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2018 MLB Draft Report: Shortstop Matt McLain Opening Eyes

IRVINE, Calif.—While the Boras Classic South tournament is the main high school baseball attraction this week in the Los Angeles area, more than a dozen scouts left either Mater Dei (Santa Ana, Calif.) High or JSerra (San Juan Capistrano, Calif.) High and headed to Beckman High in Irvine, Calif., to check out shortstop Matt McLain, who’s been the talk of SoCal area scouts for the last several weeks.

McLain and Beckman faced Corona Del Mar (Newport Beach, Calif.) High, which has an interesting draft prospect in its own right with outfielder Preston Hartsell, who has a power/speed combo in center field and is committed to Southern California.

Corona Del Mar walked away with a 1-0 victory, but below you can find a breakdown of McLain’s day, with full video of his pregame reps at shortstop and each of his three at-bats, in addition to notes on Hartsell.

Before Tuesday’s game got rolling, Beckman took a standard infield/outfield session where McLain—who’s 5-foot-10, 175 pounds and ranked No. 178 on BA’s top 300 draft prospects listshowed very active footwork defensively with a solid arm strength. In-game, McLain’s defensive ability was much more impressive, as he made every play that came to him and showed the ability to throw at different arm angles and on the run.

In the top of the fourth with the bases loaded and one out, McLain had a ball hit to his right where a bad hop jumped up on him at the last second. The UCLA commit wasn’t fazed—he showed quick hands and good reactions to field the ball cleanly on the hop and make an accurate feed to second base to start a 6-4-3 double play and end the inning.

McLain—who has improved as a runner and has 60-grade speed—also made multiple impressive plays on slow rollers, quickly cutting down ground on the ball on two occasions with a quick exchange and strong, accurate throws while off-balance. His second slow roller was the most impressive, as he threw out a righthanded batter who reached base in 4.33 seconds on Baseball America’s stopwatch.

McLain went 1-for-3 at the plate with a single and two flyouts, but he barreled the ball in each of his first two trips to the plate and showed a good understanding of the strike zone in each of his plate appearances. He sets up with a simple, slightly wide stance with a loose, energetic bounce as he waits for the pitch. McLain doesn’t have much of a leg kick, but instead takes a moderate stride to the ball as he prepares for contact, with a level bat path and an impressive ability to keep his hands back to allow the ball to travel, even if his landing foot is already down.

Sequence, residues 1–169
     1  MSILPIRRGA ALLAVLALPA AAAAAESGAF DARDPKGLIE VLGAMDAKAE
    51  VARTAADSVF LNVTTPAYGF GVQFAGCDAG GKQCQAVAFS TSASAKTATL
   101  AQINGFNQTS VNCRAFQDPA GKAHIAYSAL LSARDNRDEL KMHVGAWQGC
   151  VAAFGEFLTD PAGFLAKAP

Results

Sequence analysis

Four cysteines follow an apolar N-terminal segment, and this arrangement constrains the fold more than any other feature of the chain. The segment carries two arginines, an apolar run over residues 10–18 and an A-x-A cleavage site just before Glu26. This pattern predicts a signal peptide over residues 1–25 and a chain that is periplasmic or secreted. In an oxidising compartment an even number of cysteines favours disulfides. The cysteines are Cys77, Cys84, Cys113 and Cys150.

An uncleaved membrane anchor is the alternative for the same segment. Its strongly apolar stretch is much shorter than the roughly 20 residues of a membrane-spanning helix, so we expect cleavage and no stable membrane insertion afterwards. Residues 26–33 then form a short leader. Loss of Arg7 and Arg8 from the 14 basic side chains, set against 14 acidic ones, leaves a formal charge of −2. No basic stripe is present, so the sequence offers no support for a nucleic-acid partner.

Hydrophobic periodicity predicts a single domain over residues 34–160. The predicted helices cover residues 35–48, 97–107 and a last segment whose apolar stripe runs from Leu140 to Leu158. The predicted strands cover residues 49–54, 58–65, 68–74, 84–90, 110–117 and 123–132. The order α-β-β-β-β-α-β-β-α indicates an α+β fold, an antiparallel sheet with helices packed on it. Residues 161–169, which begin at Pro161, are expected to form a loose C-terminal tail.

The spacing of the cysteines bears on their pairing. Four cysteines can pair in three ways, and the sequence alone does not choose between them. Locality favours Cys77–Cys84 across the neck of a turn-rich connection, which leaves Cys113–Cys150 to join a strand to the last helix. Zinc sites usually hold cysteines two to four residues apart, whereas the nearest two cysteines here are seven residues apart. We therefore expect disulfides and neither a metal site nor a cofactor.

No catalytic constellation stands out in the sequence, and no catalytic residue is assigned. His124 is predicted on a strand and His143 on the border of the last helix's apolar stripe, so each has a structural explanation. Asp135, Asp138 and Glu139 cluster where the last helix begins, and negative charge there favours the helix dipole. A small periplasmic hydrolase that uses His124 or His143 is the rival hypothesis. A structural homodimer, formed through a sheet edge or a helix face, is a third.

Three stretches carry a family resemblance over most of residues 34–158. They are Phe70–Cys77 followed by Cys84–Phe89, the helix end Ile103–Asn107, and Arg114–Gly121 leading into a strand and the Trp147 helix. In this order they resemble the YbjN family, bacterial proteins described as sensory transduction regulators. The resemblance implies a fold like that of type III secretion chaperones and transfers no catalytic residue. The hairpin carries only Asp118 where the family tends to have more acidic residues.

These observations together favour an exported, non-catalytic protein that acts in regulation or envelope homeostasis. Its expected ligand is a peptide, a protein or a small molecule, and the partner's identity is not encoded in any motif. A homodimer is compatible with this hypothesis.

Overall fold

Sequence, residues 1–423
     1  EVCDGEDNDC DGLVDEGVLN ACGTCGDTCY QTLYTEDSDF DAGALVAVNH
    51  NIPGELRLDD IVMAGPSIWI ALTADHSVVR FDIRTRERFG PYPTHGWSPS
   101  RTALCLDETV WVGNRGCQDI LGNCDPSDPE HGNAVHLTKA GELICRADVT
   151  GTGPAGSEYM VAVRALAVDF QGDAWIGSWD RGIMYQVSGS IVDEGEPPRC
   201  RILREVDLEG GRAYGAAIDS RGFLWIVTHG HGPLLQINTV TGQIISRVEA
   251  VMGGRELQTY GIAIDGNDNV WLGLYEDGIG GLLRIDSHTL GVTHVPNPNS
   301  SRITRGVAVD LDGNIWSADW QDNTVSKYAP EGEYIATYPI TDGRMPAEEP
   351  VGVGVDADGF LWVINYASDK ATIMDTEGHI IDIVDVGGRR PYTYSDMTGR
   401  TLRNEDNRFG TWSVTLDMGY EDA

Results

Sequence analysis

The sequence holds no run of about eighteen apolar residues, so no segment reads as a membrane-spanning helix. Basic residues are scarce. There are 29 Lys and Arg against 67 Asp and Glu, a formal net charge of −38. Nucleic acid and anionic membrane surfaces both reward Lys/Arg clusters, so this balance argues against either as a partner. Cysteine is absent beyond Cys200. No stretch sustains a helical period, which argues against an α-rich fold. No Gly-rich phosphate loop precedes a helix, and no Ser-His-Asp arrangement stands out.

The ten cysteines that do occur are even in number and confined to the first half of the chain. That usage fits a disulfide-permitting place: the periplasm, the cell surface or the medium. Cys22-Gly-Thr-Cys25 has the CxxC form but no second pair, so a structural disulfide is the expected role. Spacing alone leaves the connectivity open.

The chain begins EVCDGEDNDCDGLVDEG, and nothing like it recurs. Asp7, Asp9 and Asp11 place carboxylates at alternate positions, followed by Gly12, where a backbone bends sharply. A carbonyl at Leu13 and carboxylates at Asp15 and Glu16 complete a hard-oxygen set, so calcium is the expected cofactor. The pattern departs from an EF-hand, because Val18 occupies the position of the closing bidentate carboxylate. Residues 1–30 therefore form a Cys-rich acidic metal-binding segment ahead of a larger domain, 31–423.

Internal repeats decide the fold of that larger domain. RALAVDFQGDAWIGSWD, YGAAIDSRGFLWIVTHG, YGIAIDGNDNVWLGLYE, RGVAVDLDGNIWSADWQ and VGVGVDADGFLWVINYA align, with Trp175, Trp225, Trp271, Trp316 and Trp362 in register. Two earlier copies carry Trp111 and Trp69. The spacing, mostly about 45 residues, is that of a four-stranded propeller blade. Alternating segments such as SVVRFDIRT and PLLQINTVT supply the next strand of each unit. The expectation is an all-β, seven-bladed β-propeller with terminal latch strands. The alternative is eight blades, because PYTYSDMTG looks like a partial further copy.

His best at-bat came in the bottom of the third inning, when he got behind in the count 0-2 before confidently taking a pitch just barely outside for a ball and then driving the next pitch he saw through the right side of the infield. McLain rounded the bag in 4.35 seconds, which would likely translate to a plus home-to-first time or better had he ran straight through. He then stole second base in 3.62 seconds.

McLain is undersized and doesn’t have any one tool that jumps out, but he does everything on the field well and makes all the plays at shortstop in addition to having exceptional makeup according to scouts who know him. With the way he’s been hitting, he’s rising up boards and is potentially a top 3-4 round talent.

  • Preston Hartsell has been trending in the opposite direction of McLain this spring, as scouts have been concerned with the amount of swing and miss in his game and added muscle that has made him stiffer and caused some of his tools to back up. Hartsell won the Perfect Game All-American Classic home run derby at Petco Park last summer and was also named the 2017 Perfect Game WWBA Most Valuable Player, but he has not had as much success with the bat this spring. Tuesday, Hartsell went 0-for-3 with a pair of strikeouts and a fly out, with four swings and misses in total. His swing is a steep uppercut and he also sets up with an extremely wide stance in the box. He still has plenty of raw power, and looked good in center field chasing down a deep fly ball to the right-center gap, but he’s struggled to make the most of his loud tools and scouts point to too much added muscle as the cause.

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